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Getting mathematica

  1. Dec 28, 2012 #1
    Hi I decided to purchase mathematica, however it appears this is a much more complicated affair than I had imagined. I will mainly be using it for differential equations (nonlinear, nonhomogenous and coupled, what have you) to help with physics. Could someone clear up some questions I have.

    1.For the $295 home package do I get mathematica forever?
    2.What is this kernel deal, is 4 enough for me?
    3.Does mathematica require a constant internet connection for Numerical integration?
    4.Is Mathematica capable of numerically solving any differential equation? (even highly nonlinear ones, like the type present in GR)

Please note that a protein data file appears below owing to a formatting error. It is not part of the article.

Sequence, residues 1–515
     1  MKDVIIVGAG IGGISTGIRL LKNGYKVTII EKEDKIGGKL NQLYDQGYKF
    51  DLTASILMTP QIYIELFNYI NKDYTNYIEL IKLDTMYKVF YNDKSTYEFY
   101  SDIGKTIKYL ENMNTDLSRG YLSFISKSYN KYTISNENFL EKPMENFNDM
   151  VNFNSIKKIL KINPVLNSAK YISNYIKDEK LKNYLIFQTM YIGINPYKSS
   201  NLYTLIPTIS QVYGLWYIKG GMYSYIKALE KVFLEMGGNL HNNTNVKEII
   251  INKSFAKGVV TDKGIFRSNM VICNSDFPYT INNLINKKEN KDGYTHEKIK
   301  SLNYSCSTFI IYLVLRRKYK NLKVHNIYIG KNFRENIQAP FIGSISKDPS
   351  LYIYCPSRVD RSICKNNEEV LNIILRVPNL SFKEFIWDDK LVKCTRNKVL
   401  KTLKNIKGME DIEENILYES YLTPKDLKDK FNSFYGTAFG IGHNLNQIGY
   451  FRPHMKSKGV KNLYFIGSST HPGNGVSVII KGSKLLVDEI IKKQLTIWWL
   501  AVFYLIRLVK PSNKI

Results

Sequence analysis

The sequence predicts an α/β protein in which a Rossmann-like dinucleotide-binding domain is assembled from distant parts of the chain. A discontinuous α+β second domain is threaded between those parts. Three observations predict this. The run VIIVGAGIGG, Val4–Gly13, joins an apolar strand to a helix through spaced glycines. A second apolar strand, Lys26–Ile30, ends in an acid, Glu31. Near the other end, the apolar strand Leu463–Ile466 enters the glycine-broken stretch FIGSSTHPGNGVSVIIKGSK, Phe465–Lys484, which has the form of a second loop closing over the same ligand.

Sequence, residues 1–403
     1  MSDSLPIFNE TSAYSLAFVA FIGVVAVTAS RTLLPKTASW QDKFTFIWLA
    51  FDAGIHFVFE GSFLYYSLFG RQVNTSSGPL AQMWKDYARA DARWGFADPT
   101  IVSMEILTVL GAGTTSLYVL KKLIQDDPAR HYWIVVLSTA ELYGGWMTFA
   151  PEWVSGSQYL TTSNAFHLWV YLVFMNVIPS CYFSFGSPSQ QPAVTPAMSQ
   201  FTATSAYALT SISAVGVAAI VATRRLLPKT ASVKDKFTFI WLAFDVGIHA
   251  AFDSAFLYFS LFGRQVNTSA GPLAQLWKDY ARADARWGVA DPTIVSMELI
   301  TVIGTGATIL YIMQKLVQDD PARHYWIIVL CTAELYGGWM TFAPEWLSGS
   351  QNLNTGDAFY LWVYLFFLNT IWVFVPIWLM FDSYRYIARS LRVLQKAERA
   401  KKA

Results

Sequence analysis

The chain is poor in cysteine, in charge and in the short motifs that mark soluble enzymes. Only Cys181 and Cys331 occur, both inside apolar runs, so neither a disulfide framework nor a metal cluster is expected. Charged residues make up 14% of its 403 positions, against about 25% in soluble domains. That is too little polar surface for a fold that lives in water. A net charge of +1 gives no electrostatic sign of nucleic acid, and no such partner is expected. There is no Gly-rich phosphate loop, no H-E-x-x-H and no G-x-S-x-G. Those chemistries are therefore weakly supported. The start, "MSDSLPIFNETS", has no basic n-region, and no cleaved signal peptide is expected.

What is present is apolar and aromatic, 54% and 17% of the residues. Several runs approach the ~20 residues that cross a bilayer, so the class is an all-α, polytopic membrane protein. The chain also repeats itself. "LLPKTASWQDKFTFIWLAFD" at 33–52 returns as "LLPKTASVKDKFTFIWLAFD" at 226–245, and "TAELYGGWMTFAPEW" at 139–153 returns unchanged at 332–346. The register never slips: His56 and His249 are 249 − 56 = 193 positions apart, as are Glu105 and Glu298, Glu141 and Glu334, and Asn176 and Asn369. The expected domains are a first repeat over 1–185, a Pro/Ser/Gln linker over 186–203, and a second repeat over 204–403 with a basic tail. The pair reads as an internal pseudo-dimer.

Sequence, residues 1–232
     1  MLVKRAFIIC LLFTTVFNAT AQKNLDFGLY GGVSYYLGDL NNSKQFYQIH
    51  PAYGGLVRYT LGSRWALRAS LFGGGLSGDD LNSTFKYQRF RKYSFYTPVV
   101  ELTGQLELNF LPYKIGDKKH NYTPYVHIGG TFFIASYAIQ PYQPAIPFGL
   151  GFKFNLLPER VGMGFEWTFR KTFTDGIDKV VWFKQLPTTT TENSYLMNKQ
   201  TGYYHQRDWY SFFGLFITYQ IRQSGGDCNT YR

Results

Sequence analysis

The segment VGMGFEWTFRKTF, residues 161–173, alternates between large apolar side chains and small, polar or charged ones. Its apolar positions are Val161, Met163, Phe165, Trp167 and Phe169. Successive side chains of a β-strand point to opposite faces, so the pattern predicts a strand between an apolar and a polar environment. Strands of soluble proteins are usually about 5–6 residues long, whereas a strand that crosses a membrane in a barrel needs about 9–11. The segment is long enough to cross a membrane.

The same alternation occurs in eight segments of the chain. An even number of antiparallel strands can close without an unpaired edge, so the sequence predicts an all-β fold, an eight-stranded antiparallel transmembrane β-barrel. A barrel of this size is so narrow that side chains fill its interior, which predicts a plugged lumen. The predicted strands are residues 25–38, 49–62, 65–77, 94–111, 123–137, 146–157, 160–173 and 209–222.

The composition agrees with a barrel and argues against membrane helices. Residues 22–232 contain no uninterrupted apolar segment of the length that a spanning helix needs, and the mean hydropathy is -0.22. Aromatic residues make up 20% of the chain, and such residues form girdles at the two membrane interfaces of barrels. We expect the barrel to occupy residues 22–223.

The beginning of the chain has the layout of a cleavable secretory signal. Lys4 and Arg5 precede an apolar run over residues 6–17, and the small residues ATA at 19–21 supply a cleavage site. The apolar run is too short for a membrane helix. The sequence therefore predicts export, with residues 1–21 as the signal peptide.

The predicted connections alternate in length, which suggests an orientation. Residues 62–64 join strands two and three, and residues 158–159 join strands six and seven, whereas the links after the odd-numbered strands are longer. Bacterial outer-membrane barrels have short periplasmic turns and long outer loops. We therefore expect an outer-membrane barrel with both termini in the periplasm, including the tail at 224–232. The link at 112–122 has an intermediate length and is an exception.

2. jcsd
  3. Dec 28, 2012 #2
    For 300$ they better have someone available to answer any question you have.
  4. Dec 28, 2012 #3


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    Assuming you're at a university, have you checked to see if your university has a deal to provide Mathematica for their students? Mine allows you to have it for free without any license restrictions or anything.
  5. Dec 28, 2012 #4


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    Gold Member

    Theres also student as long as you're a student: http://www.wolfram.com/mathematica/how-to-buy/education/students.html

    1.For the $295 home package do I get mathematica forever?

    Yes, but only the version you purchase, no new versions.

    2.What is this kernel deal, is 4 enough for me?